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I wonder if there is some way to customize the lock screen feature of my macbook air (running Mountain Lion) in such a way that:

1: When I close the lid, and then open it, the screen is not locked (that is, I do not have to write my password).

2: When I explicitly put the macbook air to sleep (with Power Button + Sleep option), and then wake it from sleep, the screen is locked (that is, I do have to write my password).

Thanks in advance


@bmike Thanks for for your response, but I think I did not explain clearly what I wanted. I wanted an easy way to put the computer to sleep and either not been asked for a password when it wakes (if I close the lid) or been asked for a password (when I explicitly put the computer to sleep).

@George Oross: Thanks for your response. I tried to find in the apple developers website some info on how to detect those signals, but made no advance.

I think that the best way to do that is to enable the "lock screen" menu item (via Keychain Access). If I want a "secure sleep" I first lock the screen through the menu and then close the lid to put it to sleep. If I want a "non-secure sleep" I simply close the lid.

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Can you limit the amount of time that the screen lid is closed in item 1? The machine will sleep when you close the lid and there is no way around that short of hacking the firmware or OS severely. Item #2 can be addressed by simply choosing the log in screen rather than explicitly sleeping the mac. If this sounds good - let me know and I'll write up a real answer covering the details. –  bmike Sep 28 '12 at 14:35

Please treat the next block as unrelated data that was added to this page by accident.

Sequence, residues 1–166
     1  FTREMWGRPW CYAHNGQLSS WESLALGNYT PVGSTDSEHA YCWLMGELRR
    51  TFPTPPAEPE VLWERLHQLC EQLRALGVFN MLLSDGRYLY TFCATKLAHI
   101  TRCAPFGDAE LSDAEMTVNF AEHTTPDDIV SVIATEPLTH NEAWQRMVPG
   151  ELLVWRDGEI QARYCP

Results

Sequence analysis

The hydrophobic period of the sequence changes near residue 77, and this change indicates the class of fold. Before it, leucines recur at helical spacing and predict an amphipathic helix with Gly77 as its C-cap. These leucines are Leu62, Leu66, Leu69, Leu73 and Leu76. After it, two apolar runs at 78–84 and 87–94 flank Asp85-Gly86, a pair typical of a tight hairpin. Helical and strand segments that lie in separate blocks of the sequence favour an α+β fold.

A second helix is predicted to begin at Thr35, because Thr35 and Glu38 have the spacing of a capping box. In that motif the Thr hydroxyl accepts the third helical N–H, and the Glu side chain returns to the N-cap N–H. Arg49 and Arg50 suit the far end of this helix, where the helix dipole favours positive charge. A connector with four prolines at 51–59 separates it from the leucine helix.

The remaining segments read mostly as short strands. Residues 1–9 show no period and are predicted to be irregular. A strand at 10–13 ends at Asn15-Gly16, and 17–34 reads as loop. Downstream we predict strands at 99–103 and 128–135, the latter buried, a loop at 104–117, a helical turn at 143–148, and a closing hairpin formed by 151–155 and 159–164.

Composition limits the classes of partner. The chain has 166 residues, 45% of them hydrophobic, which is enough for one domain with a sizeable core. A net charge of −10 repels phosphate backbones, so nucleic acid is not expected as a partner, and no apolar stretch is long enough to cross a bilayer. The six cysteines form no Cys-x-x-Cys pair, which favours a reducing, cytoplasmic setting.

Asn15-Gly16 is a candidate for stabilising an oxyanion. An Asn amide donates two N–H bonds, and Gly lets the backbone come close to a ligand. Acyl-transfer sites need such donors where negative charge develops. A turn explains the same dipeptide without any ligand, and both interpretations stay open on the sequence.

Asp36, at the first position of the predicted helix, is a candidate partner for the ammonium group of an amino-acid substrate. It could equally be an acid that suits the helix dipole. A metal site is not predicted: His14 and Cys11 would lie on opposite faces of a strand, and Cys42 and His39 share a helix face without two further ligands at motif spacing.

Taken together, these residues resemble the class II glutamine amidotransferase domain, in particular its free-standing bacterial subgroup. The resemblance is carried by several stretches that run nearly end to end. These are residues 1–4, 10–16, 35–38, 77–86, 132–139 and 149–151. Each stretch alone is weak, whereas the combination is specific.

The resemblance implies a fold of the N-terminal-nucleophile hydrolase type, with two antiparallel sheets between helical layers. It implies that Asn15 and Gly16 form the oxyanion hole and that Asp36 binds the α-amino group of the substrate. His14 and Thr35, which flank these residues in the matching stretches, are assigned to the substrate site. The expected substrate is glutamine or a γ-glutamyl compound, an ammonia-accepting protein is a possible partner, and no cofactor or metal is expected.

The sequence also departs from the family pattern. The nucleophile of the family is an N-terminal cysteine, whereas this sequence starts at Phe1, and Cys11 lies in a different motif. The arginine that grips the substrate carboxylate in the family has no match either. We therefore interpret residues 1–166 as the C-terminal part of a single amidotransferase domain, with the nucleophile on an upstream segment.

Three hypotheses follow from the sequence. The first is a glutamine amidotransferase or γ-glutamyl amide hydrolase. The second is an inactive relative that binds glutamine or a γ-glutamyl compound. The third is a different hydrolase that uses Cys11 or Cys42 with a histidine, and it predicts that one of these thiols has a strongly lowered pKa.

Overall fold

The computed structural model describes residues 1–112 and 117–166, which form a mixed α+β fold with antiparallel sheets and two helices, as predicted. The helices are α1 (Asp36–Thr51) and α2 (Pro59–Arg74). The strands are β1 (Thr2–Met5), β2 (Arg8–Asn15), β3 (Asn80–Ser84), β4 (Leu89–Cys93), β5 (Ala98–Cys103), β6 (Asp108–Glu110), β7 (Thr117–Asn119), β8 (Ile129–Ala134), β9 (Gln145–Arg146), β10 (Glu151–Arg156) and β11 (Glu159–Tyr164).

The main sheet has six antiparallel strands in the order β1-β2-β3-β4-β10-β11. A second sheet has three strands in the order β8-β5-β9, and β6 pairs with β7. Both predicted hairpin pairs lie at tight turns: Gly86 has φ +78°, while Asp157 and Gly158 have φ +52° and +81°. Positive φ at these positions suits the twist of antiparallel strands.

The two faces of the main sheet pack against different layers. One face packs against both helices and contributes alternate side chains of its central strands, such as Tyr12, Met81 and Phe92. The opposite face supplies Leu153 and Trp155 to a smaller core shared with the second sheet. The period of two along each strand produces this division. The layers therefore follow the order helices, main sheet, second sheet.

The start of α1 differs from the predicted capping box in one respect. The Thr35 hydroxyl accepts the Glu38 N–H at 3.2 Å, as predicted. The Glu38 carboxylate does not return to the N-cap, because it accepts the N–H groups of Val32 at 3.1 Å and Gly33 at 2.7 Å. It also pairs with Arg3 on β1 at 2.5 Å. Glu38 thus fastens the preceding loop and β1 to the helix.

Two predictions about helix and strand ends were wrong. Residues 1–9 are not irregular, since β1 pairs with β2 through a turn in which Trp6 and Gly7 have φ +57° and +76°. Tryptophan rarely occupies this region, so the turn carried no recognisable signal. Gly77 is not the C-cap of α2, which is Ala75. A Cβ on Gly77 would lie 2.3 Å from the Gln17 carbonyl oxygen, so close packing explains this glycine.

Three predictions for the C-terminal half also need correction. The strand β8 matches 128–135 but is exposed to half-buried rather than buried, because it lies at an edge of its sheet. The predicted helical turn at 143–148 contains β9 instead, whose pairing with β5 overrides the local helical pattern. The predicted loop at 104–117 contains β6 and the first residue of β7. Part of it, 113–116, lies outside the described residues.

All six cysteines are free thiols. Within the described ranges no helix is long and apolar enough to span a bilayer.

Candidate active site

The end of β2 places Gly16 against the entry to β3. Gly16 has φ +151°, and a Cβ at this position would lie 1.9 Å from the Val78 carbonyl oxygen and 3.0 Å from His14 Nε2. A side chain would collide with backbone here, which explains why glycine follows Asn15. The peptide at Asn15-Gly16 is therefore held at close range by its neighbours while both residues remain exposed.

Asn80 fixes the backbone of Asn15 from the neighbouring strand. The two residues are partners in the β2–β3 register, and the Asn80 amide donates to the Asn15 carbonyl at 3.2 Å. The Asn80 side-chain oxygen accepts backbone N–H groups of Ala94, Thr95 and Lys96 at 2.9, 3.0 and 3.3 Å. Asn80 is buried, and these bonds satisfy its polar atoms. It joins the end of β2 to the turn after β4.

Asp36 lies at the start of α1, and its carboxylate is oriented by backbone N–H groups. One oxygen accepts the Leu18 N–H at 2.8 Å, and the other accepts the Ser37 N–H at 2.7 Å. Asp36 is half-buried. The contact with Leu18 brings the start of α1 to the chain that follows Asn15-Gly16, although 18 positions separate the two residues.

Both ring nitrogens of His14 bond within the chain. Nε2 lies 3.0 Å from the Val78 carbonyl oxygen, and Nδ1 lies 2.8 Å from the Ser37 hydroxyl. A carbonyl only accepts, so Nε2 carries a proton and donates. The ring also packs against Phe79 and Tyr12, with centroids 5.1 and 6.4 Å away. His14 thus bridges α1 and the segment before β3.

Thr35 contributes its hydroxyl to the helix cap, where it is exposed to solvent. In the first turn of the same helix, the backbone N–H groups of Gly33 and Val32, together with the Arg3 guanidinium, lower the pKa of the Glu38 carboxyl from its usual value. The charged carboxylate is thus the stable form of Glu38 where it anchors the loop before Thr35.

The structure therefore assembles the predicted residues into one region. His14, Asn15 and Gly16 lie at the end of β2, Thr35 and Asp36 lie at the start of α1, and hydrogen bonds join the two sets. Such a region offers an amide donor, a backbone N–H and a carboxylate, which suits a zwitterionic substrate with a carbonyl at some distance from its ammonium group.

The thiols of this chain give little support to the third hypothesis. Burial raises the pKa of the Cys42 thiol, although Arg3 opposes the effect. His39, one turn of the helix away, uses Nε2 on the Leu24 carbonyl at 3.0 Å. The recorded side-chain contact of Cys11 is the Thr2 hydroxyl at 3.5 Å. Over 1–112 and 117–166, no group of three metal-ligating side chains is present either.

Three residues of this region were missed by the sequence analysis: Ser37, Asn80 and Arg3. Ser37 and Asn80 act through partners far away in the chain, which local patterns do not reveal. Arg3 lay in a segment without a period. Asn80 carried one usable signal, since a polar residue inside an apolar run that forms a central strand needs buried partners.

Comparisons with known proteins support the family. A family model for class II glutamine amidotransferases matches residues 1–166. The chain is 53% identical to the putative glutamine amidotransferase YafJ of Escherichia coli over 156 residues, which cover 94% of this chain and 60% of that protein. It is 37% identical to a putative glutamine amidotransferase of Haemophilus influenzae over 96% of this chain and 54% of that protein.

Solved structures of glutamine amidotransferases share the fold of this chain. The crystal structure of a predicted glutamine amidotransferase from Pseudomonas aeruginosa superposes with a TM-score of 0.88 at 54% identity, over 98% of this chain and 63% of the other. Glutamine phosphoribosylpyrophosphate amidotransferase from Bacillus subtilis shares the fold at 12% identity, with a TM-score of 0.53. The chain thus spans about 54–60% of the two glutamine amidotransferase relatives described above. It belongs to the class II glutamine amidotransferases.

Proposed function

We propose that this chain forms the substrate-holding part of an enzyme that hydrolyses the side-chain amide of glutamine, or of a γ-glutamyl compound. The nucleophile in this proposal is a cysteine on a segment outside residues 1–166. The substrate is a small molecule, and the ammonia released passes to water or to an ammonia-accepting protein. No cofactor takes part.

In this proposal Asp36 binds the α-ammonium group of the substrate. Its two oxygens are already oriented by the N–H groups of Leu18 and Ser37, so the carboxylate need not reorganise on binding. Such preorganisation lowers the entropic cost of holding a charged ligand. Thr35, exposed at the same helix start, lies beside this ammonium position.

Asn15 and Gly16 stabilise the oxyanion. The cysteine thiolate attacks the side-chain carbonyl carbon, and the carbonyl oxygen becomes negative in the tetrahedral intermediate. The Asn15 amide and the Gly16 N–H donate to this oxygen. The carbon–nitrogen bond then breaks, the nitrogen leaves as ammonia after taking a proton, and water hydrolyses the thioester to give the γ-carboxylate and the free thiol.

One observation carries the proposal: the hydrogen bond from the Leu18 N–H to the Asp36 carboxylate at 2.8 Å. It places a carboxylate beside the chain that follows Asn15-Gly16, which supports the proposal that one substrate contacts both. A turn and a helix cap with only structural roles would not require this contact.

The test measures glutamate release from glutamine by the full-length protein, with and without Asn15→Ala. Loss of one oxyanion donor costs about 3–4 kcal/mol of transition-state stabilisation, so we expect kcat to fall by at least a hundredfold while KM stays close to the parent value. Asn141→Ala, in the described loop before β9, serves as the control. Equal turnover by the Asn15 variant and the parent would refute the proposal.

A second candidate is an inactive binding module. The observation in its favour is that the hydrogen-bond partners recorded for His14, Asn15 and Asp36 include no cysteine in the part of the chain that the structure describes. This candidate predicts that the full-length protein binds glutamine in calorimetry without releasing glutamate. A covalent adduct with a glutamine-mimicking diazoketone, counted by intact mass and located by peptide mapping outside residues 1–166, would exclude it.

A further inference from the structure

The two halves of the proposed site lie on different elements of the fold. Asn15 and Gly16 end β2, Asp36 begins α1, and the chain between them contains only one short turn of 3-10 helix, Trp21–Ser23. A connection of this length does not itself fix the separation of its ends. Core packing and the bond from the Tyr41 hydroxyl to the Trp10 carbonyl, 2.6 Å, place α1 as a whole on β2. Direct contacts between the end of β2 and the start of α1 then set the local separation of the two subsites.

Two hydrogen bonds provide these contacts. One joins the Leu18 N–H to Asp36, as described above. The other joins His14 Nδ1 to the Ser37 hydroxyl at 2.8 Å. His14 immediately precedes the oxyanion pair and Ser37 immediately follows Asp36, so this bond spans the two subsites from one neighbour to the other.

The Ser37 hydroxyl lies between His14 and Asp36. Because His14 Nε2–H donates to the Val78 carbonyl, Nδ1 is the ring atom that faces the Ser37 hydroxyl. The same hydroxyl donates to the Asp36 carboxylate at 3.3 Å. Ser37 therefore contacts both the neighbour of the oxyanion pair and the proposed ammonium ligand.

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2 Answers

up vote 4 down vote accepted

No. What you want is not possible.

When the screen is closed the behavior is the same to the user as if it went into sleep from another reason such as pressing the power button. There isn't any way to have closing screen sleep (called clamshell sleep) set to have a different effect than any other kind of sleep through user-accessible preferences. If you have your mac set to require a password after waking in the security preferences then the mac will ask in both cases upon waking.

However, the mac internally codes the reasons for sleep differently. So the computer can tell clamshell from idle sleep, and also can tell if the mac went to sleep for another reason such as power button press, low power or high temperature. Therefore it is possible that a third party hack can use these codes to enable different behavior. I could not find one, though.

When the mac wakes up there are similar codes generated by the OS so that it knows if the computer was woken by opening the clamshell, wiggling the mouse, pressing the power button, waking for network access and so on. This seems to create another opening for a third party solution.

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If you don't want to keep the Keychain menu extra in the menu bar, you could also assign a shortcut to a shell command like this:

/System/Library/CoreServices/Menu\ Extras/User.menu/Contents/Resources/CGSession -suspend && osascript -e 'tell app "System Events" to sleep'

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